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Dorchester Abbey to Christ Church Cathedral, Oxford – 12.5 miles
This 12.5 mile pilgrimage offers a glimpse of ancient priories, enters Oxford from its lesser-seen South side.
Dorchester is an ancient holy centre. A Neolithic sacred complex stood just to its north – now sadly wiped out by 1940s gravel mining. It once rivalled Avebury in importance and size. But like all spiritual realities, something powerful surely echoes, transcending the lack of visual presence.
In the village, the first cathedral was built around 630. The current Abbey was built for Augustinian Friars around 1140. It was paid for by the proceeds of pilgrims to the relics of Birinus, a Roman missionary to the West Saxons who converted King Cynegils.
The Abbey Church survived the Reformation and the Dissolution of the Monasteries because a local wealthy personage paid Henry VIII the value of its lead roof. The Shrine of Birinus was destroyed, but has now been reinstated – though without the relics. The Romanesque lead font also remains in place – the only monastic baptismal font in Britain to survive the Reformation.
From the Abbey, follow footpaths to the edge of the village, and walk along its boundary toward the A-road. A safe crossing takes you over, along the edge of one of Dorchester’s gravel lakes and onto the Roman Road (footpath) which takes you North. This ancient track goes straight through Berinsfield, an ex-RAF base which was converted to be England’s first village built on virgin soil for 200 years. This is the penultimate place that Glen Miller, a very popular jazz musician, set foot on earth. He played his last concert here, before flying to an RAF base and from there disappearing without trace, on his way to entertain troops in Europe during World War Two. Follow the straight path directly through the village.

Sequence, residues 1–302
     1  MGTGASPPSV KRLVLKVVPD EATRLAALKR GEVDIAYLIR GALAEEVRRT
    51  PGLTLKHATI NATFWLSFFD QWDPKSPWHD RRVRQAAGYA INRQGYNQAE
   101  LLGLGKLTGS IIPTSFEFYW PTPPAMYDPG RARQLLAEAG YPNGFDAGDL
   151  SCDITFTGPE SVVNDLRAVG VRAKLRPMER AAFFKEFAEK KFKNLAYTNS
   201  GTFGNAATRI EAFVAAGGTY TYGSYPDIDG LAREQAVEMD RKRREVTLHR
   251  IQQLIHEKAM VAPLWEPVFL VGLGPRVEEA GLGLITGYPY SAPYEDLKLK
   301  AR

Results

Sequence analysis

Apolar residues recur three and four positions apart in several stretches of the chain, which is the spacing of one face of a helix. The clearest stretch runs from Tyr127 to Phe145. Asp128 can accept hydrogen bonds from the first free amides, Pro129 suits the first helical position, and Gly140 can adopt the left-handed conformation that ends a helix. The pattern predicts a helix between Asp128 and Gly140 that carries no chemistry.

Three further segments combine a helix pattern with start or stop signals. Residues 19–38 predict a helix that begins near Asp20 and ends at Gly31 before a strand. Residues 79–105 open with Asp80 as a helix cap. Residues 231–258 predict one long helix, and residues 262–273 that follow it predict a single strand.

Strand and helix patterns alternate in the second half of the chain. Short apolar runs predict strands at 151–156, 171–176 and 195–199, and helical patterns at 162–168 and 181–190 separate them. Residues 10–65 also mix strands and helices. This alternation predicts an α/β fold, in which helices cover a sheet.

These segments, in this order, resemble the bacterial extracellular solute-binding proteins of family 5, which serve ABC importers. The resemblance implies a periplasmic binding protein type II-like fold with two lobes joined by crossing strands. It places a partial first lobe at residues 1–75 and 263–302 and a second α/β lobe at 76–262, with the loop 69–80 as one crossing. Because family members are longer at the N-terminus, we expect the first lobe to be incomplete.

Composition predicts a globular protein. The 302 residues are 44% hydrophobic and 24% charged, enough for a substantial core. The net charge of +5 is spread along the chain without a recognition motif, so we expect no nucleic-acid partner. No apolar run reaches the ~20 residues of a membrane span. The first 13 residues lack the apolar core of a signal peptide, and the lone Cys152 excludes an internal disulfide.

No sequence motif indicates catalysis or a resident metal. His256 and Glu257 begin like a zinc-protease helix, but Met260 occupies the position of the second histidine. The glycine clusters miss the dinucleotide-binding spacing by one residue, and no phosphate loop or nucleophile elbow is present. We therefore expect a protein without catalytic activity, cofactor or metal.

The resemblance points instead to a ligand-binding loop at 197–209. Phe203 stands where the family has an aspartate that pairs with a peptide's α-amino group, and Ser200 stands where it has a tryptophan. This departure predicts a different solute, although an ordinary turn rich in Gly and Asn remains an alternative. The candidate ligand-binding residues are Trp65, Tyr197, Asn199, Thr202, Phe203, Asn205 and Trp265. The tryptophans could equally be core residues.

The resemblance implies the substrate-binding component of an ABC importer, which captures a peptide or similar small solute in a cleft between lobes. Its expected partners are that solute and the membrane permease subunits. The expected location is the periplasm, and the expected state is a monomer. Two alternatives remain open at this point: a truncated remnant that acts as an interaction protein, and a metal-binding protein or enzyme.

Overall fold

The Roman road does not quite follow its original path, but diverts, though maintaining its northward trend. Cross the lane and bear left toward Marsh Baldon, where St Peter’s Church has been described by a previous Bishop of Oxford as “Oxford’s best-kept secret”. A 12th century Church featuring a Pompeo Batoni painting and a 12th century canonical sundial. The Seven Stars pub is just next door, if you need refreshment.
Over the village green comes Toot Baldon, where another church awaits – St Lawrence’s – a 13th Century classic with Victorian Gothic Revival makeover. It includes a memorial to the 1965 Little Baldon Air Crash, Britain’s third worst air crash at the time. Just up the footpath is another pub, the Mole Inn, if a rest with some really good food is required.
Through the woods you go, to the very outskirts of Oxford. The footpath follows the edge of the road toward the old Littlemore Priory. Its last remaining building was most recently a football pub, but now lies empty, awaiting its next purpose. Just to the north were recently excavated 92 skeletons from this apparently ‘sex-crazed’ priory.
In Littlemore itself, you will now meet two churches in close succession – one dedicated to the Catholic missionary Dominic Barberi, the man who converted John Henry Newman to Catholicism, and the other dedicated to St Mary and St Nicholas, and built by Newman himself. Newman was extremely influential in his spearheading the Oxford Movement at the turn of the twentieth Century – a high Anglican leaning toward Catholicism.